“Obviously, due to various factors, Nepal is gradually switching to a remittance-driven economy from an agriculture-driven economy,” said economist Min Bahadur Shrestha.

The money sent home by Nepalis working abroad has played a crucial role in lifting people from the traps of poverty. Remittance income has also pushed up consumption. According to the Central Bureau of Statistics, in the last fiscal year that ended in mid-July, Nepal’s final consumption expenditure at current prices amounted to Rs3.98 trillion, representing 93.38 percent of the gross domestic product.

There are worries any significant decline in remittances could disturb the structure of the economy from the macro level.

But Shrestha does not agree. “It’s an exceptional case that the collapse of any country’s economy will hurt the remittance of another country,” he said. “We should not worry.”

However, the one thing that will hurt Nepal is that it will not reap the demographic dividend in terms of nation-building in the long term, despite more than 40 percent of the country’s population being young, said Shrestha, a former vice-chairman of the National Planning Commission.

“We are getting little but losing big,” he said.

The short-term risk, according to Shrestha, will be on trade as imports will increase drastically fuelled by remittance once the Covid-19 situation improves. “As the agriculture sector will suffer from the labour deficit, demand will be met by imports supported by remittances,” he said. “It’s a check and balance principle in our economy.”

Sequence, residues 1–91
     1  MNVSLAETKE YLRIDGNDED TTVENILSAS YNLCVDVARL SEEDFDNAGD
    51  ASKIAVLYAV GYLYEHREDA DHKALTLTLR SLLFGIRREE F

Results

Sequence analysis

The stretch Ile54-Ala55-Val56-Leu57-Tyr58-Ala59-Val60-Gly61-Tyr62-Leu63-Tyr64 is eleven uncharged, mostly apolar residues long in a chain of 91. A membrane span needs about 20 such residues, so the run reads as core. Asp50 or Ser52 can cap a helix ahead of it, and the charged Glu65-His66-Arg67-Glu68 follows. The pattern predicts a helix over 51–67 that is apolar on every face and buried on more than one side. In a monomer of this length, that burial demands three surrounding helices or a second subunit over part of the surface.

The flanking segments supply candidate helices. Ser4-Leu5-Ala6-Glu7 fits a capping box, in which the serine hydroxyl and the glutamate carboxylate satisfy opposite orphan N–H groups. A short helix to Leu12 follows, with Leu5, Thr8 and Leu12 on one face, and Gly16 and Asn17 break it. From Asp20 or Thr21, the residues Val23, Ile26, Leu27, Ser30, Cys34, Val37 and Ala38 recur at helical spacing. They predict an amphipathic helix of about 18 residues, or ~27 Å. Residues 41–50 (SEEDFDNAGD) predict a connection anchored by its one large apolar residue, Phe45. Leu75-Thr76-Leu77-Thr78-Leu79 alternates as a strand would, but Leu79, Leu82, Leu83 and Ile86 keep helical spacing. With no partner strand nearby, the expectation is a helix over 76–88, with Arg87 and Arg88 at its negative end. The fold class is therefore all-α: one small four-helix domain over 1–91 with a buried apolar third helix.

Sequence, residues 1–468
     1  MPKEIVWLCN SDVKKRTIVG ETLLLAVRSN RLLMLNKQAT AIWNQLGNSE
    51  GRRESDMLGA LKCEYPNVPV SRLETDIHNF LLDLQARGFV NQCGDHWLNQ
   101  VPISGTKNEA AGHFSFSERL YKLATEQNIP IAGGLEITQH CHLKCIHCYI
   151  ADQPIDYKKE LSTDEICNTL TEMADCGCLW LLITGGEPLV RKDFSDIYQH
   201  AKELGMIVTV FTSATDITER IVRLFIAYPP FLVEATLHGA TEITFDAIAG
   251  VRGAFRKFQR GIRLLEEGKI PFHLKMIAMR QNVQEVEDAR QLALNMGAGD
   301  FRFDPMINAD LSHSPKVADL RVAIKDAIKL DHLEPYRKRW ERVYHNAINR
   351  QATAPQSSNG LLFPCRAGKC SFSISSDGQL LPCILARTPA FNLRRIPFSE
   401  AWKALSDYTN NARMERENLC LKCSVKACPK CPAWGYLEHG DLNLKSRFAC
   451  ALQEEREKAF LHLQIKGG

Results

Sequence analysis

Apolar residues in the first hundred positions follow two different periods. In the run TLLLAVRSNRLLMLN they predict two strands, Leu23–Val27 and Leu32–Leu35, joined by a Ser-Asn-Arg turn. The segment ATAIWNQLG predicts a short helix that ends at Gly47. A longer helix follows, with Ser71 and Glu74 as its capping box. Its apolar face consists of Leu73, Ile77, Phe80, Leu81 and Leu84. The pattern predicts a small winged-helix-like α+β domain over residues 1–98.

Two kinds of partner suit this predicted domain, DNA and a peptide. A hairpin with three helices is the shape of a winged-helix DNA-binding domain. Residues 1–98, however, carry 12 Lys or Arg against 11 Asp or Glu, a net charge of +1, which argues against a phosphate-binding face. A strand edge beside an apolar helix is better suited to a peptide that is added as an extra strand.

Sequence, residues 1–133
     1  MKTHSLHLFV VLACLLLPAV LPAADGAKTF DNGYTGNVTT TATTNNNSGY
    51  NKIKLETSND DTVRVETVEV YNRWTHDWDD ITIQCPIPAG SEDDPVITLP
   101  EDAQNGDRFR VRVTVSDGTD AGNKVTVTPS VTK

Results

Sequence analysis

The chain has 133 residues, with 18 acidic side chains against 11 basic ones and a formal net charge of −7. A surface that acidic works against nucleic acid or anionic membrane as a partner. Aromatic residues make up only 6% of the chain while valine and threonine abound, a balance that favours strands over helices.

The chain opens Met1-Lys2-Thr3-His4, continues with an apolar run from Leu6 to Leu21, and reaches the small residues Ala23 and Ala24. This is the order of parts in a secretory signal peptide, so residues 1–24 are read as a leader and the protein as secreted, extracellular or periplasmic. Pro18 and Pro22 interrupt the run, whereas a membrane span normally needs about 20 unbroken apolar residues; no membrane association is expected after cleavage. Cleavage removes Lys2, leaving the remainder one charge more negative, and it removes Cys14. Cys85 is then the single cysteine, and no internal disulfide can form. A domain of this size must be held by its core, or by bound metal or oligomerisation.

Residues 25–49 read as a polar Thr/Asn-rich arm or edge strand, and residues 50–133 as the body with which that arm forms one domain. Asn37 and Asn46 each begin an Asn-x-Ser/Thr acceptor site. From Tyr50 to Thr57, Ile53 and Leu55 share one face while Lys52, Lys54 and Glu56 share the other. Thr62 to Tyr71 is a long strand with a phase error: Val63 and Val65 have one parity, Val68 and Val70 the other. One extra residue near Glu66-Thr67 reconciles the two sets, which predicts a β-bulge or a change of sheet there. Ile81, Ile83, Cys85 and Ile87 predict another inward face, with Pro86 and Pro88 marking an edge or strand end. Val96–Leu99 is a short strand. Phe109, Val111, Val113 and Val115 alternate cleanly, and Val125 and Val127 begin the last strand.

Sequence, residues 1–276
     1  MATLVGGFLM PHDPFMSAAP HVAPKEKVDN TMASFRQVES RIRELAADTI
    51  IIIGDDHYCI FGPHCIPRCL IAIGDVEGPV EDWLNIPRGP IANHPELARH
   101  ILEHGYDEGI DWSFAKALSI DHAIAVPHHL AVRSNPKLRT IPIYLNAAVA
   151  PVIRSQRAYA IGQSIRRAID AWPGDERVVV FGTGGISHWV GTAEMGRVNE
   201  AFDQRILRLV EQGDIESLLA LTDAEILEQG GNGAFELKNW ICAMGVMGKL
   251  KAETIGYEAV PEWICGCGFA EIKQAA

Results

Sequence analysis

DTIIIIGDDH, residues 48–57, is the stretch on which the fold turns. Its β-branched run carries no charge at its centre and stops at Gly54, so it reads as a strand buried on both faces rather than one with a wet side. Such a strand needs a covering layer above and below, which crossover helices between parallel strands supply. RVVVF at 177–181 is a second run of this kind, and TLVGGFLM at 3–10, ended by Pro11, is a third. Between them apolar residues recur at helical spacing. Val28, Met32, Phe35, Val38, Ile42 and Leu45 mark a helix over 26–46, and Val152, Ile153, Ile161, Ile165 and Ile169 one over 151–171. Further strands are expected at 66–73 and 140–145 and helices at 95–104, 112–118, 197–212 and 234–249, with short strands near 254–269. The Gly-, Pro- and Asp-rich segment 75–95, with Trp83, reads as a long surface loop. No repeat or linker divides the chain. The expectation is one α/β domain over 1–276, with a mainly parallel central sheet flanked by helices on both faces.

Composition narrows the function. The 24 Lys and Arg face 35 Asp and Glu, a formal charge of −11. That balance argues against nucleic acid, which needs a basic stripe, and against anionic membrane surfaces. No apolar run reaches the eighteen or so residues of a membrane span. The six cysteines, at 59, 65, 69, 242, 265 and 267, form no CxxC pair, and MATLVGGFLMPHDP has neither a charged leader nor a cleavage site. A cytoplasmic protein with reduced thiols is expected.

Unfazed by the Covid-19 pandemic and resultant restrictions on movement which strangled foreign trade across the world, Nepal continued to splurge on its ever-increasing remittance inflow on imports and even achieved new highs in spending.

According to the statistics released by the Department of Customs, the country’s overall imports grew by 28.66 percent to Rs1.53 trillion in the last fiscal year. Exports, however, remained at a mere Rs141 billion. The trade deficit rose by 27.26 percent over a year.

While the number of migrant workers dropped to a 16-year low last fiscal year, experts believe that the outlook of the labour market, particularly from Nepal, is encouraging.

Jeevan Baniya, a labour migration expert with the Centre for the Study of Labour and Mobility at Social Science Baha, told the Post that the number of Nepalis going abroad, including students, will grow leaps and bounds in the near future.

“There is a huge shortage of workers in the developing and developed nations and that’s a positive sign for aspirant Nepalis who struggle their whole life in Nepal to get a decent job,” he said. “The slowed economic growth caused by the pandemic, including the political situation in Nepal, gives little hope for the aspiring young population. The only alternative for them is going abroad.”

Baniya said that even if the job market improves in Nepal, the salary or the pay is so low that even the highly-skilled manpower does not want to stay in Nepal.

“The wages in almost all labour destinations have increased significantly and it’s a big pull factor,” he said, adding that skilled workers get a starting pay of $1,000 a month in most of the labour market. “Why should one stay in Nepal then where a government secretary earns a little over Rs50,000 per month.”

According to the International Labour Organisation report released recently, jobs lost in the heat of the Covid-19 crisis will not be recovered until 2023, at the earliest.

The pandemic, which caused a shortfall of 144 million available jobs in 2020, will have aftershocks in the global labour market.

Asia will not return to pre-pandemic levels in 2022 despite enjoying the world’s highest labour force participation and employment rates in the decade before the crisis.

But according to Shrestha, given the labour demand and vaccination drive in the developed countries, the labour market will recover by 2022.

“The job outlook bodes well for young people entering the labour market,” said Shrestha.